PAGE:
correlate#
- scipy.ndimage.correlate(input, weights, output=None, mode='reflect', cval=0.0, origin=0)[source]#
Multidimensional correlation.
The array is correlated with the given kernel.
- Parameters:
- inputarray_like
The input array.
- weightsndarray
array of weights, same number of dimensions as input
- outputarray or dtype, optional
The array in which to place the output, or the dtype of the returned array. By default an array of the same dtype as input will be created.
- mode{‘reflect’, ‘constant’, ‘nearest’, ‘mirror’, ‘wrap’}, optional
The mode parameter determines how the input array is extended beyond its boundaries. Default is ‘reflect’. Behavior for each valid value is as follows:
- ‘reflect’ (d c b a | a b c d | d c b a)
The input is extended by reflecting about the edge of the last pixel. This mode is also sometimes referred to as half-sample symmetric.
- ‘constant’ (k k k k | a b c d | k k k k)
The input is extended by filling all values beyond the edge with the same constant value, defined by the cval parameter.
- ‘nearest’ (a a a a | a b c d | d d d d)
The input is extended by replicating the last pixel.
- ‘mirror’ (d c b | a b c d | c b a)
The input is extended by reflecting about the center of the last pixel. This mode is also sometimes referred to as whole-sample symmetric.
- ‘wrap’ (a b c d | a b c d | a b c d)
The input is extended by wrapping around to the opposite edge.
For consistency with the interpolation functions, the following mode names can also be used:
- ‘grid-mirror’
This is a synonym for ‘reflect’.
- ‘grid-constant’
This is a synonym for ‘constant’.
- ‘grid-wrap’
This is a synonym for ‘wrap’.
- cvalscalar, optional
Value to fill past edges of input if mode is ‘constant’. Default is 0.0.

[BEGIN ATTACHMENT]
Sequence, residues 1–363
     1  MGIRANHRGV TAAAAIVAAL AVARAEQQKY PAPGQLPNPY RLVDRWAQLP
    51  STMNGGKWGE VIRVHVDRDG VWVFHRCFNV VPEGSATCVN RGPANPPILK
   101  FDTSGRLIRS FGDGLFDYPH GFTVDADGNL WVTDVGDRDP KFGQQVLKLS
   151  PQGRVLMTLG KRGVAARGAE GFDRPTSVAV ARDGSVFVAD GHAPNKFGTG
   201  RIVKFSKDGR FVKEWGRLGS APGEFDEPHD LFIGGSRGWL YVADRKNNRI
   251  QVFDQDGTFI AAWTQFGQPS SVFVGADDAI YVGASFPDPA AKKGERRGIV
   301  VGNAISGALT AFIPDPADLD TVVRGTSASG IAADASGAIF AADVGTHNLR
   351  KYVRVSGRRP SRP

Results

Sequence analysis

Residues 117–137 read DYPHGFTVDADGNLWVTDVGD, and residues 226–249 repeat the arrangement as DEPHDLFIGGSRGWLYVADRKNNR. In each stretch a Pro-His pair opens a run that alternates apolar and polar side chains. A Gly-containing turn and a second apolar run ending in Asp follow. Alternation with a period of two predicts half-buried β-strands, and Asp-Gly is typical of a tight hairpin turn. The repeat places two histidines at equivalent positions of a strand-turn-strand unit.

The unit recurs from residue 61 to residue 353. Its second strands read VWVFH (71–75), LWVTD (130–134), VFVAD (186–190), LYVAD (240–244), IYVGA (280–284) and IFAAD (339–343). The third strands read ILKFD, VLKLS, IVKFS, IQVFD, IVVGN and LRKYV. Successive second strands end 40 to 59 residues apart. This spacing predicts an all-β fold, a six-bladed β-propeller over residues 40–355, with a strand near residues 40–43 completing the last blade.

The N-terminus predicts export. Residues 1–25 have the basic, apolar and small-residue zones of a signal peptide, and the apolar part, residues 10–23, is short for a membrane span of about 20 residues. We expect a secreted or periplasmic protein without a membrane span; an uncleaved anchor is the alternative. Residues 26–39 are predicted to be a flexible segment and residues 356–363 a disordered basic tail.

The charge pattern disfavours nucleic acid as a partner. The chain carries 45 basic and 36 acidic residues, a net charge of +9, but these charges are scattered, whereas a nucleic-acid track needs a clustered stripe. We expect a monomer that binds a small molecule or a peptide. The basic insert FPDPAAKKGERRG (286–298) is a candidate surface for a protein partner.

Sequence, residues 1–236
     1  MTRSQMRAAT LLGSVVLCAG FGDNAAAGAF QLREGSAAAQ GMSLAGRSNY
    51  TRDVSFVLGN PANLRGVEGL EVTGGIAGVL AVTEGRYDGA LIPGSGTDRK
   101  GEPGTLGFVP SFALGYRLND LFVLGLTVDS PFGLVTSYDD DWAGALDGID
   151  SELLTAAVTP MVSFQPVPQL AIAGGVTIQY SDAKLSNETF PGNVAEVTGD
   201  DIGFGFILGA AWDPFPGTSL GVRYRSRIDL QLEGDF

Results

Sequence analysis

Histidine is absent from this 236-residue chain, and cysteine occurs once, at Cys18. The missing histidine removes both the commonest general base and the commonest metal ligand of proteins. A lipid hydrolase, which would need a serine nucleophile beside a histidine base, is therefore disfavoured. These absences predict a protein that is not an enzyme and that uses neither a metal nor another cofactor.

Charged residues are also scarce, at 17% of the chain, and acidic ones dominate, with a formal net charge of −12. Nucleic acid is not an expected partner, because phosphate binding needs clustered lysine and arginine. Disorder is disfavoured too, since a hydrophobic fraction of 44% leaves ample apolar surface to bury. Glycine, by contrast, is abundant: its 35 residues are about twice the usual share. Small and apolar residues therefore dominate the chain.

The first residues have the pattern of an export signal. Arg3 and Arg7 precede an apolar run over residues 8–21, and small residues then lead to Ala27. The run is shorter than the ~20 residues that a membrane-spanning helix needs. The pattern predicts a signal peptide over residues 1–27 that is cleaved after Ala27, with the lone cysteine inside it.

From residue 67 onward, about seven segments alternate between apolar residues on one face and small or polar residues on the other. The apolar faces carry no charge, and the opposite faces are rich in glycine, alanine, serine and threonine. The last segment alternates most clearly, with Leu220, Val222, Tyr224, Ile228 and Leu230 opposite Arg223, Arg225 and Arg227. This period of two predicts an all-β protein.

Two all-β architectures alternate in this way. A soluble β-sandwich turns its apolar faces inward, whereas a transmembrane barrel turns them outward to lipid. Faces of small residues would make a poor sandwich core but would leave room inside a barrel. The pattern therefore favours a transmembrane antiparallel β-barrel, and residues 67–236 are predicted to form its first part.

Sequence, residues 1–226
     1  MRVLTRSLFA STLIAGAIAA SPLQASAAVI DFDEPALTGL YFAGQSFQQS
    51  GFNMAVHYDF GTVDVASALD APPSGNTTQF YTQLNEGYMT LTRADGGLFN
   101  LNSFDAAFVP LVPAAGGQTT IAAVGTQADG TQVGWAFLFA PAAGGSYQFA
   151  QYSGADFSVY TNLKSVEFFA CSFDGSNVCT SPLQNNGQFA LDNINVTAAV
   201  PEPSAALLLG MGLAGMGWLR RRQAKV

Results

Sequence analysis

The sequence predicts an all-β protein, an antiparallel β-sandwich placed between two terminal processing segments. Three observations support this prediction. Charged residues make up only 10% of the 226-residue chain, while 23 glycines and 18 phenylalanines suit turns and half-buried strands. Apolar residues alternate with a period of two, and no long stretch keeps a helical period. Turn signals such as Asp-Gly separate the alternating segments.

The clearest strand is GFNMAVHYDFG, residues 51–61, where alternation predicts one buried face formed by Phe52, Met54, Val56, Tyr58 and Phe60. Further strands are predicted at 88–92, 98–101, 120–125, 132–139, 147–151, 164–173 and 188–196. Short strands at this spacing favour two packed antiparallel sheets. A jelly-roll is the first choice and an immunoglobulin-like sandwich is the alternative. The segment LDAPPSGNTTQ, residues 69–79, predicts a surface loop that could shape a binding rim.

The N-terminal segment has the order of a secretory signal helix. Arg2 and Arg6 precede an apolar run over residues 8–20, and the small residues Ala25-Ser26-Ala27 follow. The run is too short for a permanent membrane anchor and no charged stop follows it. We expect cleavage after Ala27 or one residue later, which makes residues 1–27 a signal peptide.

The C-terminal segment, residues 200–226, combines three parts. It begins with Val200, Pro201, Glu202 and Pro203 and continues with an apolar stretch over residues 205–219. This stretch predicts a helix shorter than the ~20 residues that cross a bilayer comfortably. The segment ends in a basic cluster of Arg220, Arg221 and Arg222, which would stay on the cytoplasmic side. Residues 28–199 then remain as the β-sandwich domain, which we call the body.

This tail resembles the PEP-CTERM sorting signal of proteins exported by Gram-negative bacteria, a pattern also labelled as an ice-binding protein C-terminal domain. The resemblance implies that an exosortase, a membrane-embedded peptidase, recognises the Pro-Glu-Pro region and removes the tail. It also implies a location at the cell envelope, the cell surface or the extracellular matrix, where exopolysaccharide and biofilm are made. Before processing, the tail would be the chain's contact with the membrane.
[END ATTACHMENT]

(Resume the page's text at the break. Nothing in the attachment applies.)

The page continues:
- originint or sequence, optional
Controls the placement of the filter on the input array’s pixels. A value of 0 (the default) centers the filter over the pixel, with positive values shifting the filter to the left, and negative ones to the right. By passing a sequence of origins with length equal to the number of dimensions of the input array, different shifts can be specified along each axis.
- Returns:
- resultndarray
The result of correlation of input with weights.
See also
convolve
Convolve an image with a kernel.
Examples
Correlation is the process of moving a filter mask often referred to as kernel over the image and computing the sum of products at each location.
>>> from scipy.ndimage import correlate >>> import numpy as np >>> input_img = np.arange(25).reshape(5,5) >>> print(input_img) [[ 0 1 2 3 4] [ 5 6 7 8 9] [10 11 12 13 14] [15 16 17 18 19] [20 21 22 23 24]]
Define a kernel (weights) for correlation. In this example, it is for sum of center and up, down, left and right next elements.
>>> weights = [[0, 1, 0], ... [1, 1, 1], ... [0, 1, 0]]
We can calculate a correlation result: For example, element
[2,2]
is7 + 11 + 12 + 13 + 17 = 60
.>>> correlate(input_img, weights) array([[ 6, 10, 15, 20, 24], [ 26, 30, 35, 40, 44], [ 51, 55, 60, 65, 69], [ 76, 80, 85, 90, 94], [ 96, 100, 105, 110, 114]])